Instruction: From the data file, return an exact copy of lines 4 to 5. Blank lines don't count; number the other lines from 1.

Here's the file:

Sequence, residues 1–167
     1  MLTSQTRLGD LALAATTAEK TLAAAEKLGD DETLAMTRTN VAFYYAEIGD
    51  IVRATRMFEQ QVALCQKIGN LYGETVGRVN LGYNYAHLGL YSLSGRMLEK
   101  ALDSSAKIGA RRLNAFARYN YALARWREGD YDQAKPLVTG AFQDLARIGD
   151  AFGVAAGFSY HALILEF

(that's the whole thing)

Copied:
   101  ALDSSAKIGA RRLNAFARYN YALARWREGD YDQAKPLVTG AFQDLARIGD
   151  AFGVAAGFSY HALILEF